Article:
Kevin Must: Yeah, definitely, and that’s kind of part of the sales process that has been put in place here at Cold Jet that everybody follows very strictly, and they’ve seen that it works. I mean, we’re doing a fantastic job this year over last year, and even last year was a great year for Cold Jet with all things being equal, if you will. I know it’s been a wild ride these past two years, obviously, but the company’s growth has just been fantastic, and I think most of it can be attributed to the very thought-out sales process that we have here and how sales and marketing play together. We’ve seen it, and I’m sure you’ve heard it from plenty of other ones, where the sales team wants all this stuff and marketing is like, “Well, is it practical?” And vice versa. Marketing wants things from sales and sometimes they don’t play along as nicely as they should.
So, you know, I think there’s been a great culture built here in Cold Jet that we’re all in this as a team and you know, if you help us, we help you, and kind of vice versa, as well.
Jeff White: That’s fantastic. One of the places that you’ve seen the power of this data and content and everything else come to life is your approach to trade shows, and as more and more manufacturers are getting back into in-person trade shows, as well as virtual trade shows, I’d love to hear a bit about what you’re doing at Cold Jet to power that and make that work.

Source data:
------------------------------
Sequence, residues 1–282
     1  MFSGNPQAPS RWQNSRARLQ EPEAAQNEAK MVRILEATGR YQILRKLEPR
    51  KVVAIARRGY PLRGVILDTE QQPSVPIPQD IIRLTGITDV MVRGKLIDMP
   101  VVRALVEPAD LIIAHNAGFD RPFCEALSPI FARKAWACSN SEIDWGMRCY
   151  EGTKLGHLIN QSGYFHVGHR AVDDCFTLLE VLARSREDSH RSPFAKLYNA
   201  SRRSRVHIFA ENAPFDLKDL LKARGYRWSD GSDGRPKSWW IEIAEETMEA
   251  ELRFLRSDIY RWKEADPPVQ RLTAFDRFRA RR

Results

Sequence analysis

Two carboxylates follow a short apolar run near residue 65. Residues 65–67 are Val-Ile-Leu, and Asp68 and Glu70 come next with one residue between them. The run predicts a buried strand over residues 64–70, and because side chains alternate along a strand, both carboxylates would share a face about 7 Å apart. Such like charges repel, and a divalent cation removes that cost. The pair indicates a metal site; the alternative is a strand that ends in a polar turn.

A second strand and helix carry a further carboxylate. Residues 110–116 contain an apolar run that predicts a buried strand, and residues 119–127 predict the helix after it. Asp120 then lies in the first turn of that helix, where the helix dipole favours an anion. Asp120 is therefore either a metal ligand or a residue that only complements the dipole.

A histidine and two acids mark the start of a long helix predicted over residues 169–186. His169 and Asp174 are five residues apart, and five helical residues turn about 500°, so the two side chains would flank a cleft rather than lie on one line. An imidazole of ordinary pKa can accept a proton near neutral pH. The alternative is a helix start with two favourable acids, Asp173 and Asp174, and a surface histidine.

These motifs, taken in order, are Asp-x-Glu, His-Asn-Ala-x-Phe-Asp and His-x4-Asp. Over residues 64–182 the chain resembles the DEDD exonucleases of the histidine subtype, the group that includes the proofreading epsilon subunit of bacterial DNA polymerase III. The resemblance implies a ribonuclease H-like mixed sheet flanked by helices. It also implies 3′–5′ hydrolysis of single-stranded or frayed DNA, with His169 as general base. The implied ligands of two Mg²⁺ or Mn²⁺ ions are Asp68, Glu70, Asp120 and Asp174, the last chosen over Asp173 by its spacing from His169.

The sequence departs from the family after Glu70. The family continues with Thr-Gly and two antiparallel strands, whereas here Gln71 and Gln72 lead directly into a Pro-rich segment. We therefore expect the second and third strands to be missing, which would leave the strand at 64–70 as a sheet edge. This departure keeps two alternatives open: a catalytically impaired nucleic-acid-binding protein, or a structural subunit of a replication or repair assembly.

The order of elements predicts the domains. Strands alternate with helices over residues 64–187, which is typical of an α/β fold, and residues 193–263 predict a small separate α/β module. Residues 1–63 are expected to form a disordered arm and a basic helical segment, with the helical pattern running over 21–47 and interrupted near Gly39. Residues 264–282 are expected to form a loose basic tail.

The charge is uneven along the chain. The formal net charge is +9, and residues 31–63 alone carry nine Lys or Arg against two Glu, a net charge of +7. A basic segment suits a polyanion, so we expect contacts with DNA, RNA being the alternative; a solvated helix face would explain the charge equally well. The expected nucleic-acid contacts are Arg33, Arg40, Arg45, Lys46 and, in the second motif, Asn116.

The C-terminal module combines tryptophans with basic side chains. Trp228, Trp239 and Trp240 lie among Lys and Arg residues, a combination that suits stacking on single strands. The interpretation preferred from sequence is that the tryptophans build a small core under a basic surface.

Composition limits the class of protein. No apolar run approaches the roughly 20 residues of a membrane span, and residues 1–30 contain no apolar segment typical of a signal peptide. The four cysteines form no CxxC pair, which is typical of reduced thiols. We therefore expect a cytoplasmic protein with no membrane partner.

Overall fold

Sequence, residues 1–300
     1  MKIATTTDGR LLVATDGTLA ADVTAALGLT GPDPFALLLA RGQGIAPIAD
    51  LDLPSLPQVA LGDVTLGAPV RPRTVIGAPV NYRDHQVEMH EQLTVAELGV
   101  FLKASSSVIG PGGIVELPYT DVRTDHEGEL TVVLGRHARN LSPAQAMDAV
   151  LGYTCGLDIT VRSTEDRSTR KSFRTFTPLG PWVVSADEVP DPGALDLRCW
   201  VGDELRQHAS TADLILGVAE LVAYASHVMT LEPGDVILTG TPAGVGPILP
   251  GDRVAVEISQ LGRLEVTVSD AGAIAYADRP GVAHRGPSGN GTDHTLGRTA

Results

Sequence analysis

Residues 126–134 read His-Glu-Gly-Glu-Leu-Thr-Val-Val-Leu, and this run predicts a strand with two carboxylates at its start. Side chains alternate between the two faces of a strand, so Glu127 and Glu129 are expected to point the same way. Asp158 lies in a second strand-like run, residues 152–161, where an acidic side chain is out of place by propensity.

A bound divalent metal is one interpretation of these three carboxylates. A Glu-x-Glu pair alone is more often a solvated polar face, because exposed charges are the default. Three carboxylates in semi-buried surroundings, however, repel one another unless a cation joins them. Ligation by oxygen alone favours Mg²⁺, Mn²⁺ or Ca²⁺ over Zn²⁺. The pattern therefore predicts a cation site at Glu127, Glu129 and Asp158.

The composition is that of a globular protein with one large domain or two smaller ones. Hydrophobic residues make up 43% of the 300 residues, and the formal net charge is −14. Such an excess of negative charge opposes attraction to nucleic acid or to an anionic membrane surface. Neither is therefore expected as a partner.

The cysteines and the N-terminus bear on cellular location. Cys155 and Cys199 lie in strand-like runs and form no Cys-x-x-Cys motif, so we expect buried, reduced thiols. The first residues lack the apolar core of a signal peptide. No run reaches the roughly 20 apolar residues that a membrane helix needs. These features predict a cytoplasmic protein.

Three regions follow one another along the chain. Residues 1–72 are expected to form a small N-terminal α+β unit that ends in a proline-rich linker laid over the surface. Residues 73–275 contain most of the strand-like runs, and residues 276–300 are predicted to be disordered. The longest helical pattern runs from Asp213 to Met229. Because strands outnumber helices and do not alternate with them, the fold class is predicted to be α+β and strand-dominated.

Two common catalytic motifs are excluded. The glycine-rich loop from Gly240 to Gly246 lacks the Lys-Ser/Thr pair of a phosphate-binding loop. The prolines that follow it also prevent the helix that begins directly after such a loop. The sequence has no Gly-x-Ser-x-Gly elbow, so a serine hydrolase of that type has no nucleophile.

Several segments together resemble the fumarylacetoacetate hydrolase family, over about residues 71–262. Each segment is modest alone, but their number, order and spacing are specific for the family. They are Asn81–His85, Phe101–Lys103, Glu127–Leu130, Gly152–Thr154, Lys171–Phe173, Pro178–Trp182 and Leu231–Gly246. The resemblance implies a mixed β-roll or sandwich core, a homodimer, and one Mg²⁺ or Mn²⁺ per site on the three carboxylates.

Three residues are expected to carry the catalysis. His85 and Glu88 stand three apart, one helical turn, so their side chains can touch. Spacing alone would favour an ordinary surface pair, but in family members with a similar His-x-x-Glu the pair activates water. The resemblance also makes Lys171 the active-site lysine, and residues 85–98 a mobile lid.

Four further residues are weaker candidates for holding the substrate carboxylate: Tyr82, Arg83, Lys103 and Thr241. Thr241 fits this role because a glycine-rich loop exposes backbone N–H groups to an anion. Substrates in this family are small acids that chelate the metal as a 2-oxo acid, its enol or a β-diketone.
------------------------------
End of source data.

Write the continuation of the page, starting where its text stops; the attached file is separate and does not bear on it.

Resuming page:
Kevin Must: Yeah, so this year we’ve been pretty light on trade shows. We are attending the Amerimold Show toward the end of September up outside of Chicago, so this is for the plastics industry, essentially, and plastic molders. But in the past, and again, I can’t really speak to the historical trade show events that they have been to in the past, but from my previous role, I know when you go to a trade show, you can get the scanner and you can scan the attendee’s QR code on their badges, and it has a lot of awesome information on it. Whatever their timeline is for purchasing, their budgets, where they stand in the decision-making process, and that’s all fantastic information. The issue is it’s not connected with our marketing automation platform.
So, now at the end of the day or the end of the show, we have to pull these lists, upload them to the marketing automation platform, and then be able to set our campaigns to send emails. So, one thing that I’m testing and that we’re looking to implement for the Amerimold Show, since it’s a little bit smaller of a show, and seems a little counterintuitive, but I know that people are doing this still. Without the scanners, they’ll collect a business card, staple it to a piece of paper, and then fill in notes on that piece of paper, and then next week when they get back from the show, that’s kind of part of their clean up from the show, if you will, to manually input all of this data, all of these contacts into their marketing automation platform.
So, what we’re testing is a business card scanner, so instead of using the QR code scanner that’s on their badge, which has an immense amount of information, we’re looking at just also collecting business cards from visitors to our booth, scanning it into the app, and then through some rules and workflows that I have set up, once it gets scanned it will automatically enroll them into a list for that show for that day. So, if it’s day one, they get put into the list for day one attendees, and then say 7:45 PM that night, 6:45 PM that night, an email blast will go out to all those attendees that visited us that day saying thank you for stopping by, if you have any further questions, we’ll be here the rest of the week, feel free to stop by.